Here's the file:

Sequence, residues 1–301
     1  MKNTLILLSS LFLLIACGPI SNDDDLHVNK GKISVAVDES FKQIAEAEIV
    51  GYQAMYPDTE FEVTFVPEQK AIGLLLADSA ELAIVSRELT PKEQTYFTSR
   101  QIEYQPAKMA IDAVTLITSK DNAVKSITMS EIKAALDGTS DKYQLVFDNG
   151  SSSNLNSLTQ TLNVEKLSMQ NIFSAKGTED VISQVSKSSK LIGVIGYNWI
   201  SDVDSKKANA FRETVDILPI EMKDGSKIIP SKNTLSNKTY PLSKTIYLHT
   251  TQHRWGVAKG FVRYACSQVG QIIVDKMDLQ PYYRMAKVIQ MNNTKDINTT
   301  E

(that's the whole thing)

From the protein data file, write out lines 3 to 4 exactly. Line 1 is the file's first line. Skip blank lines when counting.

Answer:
    51  GYQAMYPDTE FEVTFVPEQK AIGLLLADSA ELAIVSRELT PKEQTYFTSR
   101  QIEYQPAKMA IDAVTLITSK DNAVKSITMS EIKAALDGTS DKYQLVFDNG